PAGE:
Kids who stay at home aren’t as socialized as kids in daycare. Your kids are going to suffer.

I would never be able to stay home all day long.

It must be nice to get to quit.

You better be careful or you’ll lose your identity.

You must be crazy. If you quit, you’ll never be able to teach in this district again.

I thought I’d learned to trust my own instinct, but I allowed these comments to pierce my heart just the same.

Even after being home over a year, I still hear snide comments every now and then, and they still hurt. What I’ve come to realize is that someone will always have something to say about my choices.

As mothers, we must learn to trust ourselves. What works for one family may not work for ours. What one family experiences may not be our experience. We all come with our own unique circumstances. Only we know what is best for our families.

When it comes to making a difficult decision, be sure to include God. Pray for guidance. Seek support and encouragement from others. Treasure those sweet little gifts from God and know that they love you no matter what. Make peace with what you decide. And take what others say with a grain of salt.

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Leanne Willen enjoys writing about faith, family, and finding happiness. Her blog, Life Happens When, encourages others (and herself) to embrace the moment and enjoy the journey of life.

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What Are Your Thoughts?leave a comment
  • I am so glad you are doing this series. I just had a similar experience this weekend–my family really doesn’t approve of me working, and they’re not shy about saying so. It’s really disheartening- I feel like the work I do is important and meaningful, I would love to have their support, but I don’t.

  • I am so glad you are doing this series. I just had a similar experience this weekend–my family really doesn’t approve of me working, and they’re not shy about saying so. It’s really disheartening- I feel like the work I do is important and meaningful, I would love to have their support, but I don’t.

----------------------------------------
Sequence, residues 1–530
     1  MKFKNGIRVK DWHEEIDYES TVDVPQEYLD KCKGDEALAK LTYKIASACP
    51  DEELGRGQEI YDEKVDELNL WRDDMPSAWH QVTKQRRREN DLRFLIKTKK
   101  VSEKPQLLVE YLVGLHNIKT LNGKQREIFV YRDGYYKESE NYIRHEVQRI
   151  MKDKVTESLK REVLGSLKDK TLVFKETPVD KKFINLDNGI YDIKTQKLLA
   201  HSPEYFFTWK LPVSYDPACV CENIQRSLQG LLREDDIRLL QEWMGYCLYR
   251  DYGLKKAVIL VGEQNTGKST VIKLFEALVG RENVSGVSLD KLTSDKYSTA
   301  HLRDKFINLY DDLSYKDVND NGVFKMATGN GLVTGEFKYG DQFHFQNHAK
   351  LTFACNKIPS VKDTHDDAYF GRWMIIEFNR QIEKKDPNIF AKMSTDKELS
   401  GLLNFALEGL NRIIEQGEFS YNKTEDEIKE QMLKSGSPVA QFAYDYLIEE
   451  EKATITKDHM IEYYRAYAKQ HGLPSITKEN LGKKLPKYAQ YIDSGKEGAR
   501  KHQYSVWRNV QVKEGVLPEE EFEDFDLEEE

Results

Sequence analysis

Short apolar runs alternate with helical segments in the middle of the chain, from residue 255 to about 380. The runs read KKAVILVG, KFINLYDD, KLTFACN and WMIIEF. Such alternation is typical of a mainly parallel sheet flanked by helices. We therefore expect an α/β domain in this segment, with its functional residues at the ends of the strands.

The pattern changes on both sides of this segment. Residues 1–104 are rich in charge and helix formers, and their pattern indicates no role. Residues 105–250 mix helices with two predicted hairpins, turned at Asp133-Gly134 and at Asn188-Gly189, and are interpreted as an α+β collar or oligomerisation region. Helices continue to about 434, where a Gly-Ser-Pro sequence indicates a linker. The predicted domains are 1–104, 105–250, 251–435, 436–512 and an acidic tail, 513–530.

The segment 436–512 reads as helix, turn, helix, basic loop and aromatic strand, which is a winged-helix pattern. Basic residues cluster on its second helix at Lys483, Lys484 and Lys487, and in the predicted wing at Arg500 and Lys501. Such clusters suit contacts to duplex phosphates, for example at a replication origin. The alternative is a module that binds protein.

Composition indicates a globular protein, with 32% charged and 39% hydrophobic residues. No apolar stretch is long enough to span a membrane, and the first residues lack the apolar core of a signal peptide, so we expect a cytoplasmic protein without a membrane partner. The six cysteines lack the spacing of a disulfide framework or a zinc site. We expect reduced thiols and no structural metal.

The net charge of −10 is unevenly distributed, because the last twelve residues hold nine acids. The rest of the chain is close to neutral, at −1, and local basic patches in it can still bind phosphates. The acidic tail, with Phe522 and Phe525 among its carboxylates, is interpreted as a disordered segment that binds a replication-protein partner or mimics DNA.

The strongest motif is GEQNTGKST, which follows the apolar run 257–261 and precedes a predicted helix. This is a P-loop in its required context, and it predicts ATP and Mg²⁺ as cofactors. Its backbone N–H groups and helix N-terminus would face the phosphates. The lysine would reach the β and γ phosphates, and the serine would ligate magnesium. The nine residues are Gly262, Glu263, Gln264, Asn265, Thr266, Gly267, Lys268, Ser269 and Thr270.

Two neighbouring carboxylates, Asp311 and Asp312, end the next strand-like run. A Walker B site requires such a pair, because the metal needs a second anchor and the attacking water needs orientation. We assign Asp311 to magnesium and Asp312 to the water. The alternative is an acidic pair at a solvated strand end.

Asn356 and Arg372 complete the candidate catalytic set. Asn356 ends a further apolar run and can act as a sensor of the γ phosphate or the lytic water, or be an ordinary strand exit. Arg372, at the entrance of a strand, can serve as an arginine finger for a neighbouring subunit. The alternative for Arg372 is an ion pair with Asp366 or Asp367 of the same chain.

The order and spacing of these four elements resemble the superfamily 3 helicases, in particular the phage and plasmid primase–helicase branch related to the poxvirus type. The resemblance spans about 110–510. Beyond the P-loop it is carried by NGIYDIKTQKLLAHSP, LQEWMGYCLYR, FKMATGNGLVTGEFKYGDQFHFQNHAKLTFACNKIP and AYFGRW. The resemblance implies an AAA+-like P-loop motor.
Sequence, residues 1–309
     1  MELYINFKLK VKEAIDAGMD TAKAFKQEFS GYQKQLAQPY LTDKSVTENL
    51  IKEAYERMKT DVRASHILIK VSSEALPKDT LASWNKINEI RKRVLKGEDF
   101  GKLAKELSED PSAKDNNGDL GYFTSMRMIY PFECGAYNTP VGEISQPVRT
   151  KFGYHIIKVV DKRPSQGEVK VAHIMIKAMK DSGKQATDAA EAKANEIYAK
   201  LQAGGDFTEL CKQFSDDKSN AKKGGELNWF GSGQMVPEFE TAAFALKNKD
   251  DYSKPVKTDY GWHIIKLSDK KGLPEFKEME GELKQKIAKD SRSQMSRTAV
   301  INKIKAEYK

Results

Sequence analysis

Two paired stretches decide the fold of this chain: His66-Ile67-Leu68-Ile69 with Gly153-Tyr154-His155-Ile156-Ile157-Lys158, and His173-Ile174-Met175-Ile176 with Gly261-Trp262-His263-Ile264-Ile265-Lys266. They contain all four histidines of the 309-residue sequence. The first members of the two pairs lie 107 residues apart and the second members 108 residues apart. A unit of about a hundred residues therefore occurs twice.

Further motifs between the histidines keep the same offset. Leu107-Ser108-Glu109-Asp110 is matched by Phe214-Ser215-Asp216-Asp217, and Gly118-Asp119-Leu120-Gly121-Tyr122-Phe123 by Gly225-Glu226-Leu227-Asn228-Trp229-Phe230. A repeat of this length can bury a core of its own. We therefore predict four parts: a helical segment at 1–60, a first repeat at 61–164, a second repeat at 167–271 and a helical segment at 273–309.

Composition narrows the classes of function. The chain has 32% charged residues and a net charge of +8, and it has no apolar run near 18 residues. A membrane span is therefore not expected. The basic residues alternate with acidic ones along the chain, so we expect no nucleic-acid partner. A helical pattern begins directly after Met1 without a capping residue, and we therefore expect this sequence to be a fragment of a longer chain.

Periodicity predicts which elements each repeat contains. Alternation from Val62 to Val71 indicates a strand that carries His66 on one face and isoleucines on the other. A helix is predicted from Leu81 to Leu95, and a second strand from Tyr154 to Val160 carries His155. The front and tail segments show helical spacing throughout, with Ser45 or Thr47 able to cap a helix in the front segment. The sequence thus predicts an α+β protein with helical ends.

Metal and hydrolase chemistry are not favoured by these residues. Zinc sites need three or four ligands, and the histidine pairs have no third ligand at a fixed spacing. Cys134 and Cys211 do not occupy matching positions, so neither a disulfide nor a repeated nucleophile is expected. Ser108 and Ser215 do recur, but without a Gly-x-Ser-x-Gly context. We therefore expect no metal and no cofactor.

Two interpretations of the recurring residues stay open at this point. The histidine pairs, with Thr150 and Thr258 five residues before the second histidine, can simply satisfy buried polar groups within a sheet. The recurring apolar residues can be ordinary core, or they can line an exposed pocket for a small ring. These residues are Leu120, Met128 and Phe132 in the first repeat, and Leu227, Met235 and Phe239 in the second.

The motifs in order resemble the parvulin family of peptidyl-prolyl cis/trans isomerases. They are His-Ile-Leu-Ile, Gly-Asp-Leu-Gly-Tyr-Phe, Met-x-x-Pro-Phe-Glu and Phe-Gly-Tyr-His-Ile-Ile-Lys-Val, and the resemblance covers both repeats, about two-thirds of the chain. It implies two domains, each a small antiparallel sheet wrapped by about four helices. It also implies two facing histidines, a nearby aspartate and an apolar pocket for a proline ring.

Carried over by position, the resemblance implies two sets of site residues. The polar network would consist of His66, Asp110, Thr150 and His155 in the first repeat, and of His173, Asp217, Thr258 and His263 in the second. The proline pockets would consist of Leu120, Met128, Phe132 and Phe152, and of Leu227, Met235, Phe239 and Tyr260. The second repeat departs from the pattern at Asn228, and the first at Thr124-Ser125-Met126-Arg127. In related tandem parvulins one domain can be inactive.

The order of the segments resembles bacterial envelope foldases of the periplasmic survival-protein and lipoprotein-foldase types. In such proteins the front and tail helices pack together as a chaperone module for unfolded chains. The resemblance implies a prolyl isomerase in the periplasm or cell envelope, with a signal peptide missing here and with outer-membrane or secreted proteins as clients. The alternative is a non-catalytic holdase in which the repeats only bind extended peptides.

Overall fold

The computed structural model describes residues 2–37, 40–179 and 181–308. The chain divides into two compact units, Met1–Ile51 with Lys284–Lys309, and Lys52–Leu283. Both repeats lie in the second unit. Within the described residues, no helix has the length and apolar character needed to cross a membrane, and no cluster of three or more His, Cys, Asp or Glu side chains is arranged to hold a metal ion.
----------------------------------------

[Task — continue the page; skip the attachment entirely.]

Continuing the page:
• Love how you spelled out both sides of this issue so clearly, Leanne. I work part-time from home, and so I have this weird hybrid identity as a mother. I hang out with SAHMs since my schedule is flexible and I have lots of at-home time with my kids. But I also identify with being a mom who works outside the home, because I have deadlines and projects and headaches over arranging childcare. Sometimes people think that this kind of part-time arrangement must be perfect, the best of both worlds, but I also get the worst of both worlds: the guilt of leaving my kids, the piled on stress of feeling pulled in a zillion directions at once. Ironically my professional work is academic research and I study vocation, so all day long I read and think and write about calling. Thanks to that work, I am learning so much about how God calls us to multiple callings throughout our lives, and that we each partner with God to weave together the callings that are all part of our vocation – wife, mother, professional, friend, daughter, sister, volunteer, etc. I think the more that we can talk about this contentious issue from the standpoint of calling – and not just career – the more we have to offer a different perspective to the old mommy wars debate.

    Thank you for your wise perspective this morning!

  • Love how you spelled out both sides of this issue so clearly, Leanne. I work part-time from home, and so I have this weird hybrid identity as a mother. I hang out with SAHMs since my schedule is flexible and I have lots of at-home time with my kids. But I also identify with being a mom who works outside the home, because I have deadlines and projects and headaches over arranging childcare. Sometimes people think that this kind of part-time arrangement must be perfect, the best of both worlds, but I also get the worst of both worlds: the guilt of leaving my kids, the piled on stress of feeling pulled in a zillion directions at once. Ironically my professional work is academic research and I study vocation, so all day long I read and think and write about calling. Thanks to that work, I am learning so much about how God calls us to multiple callings throughout our lives, and that we each partner with God to weave together the callings that are all part of our vocation – wife, mother, professional, friend, daughter, sister, volunteer, etc. I think the more that we can talk about this contentious issue from the standpoint of calling – and not just career – the more we have to offer a different perspective to the old mommy wars debate.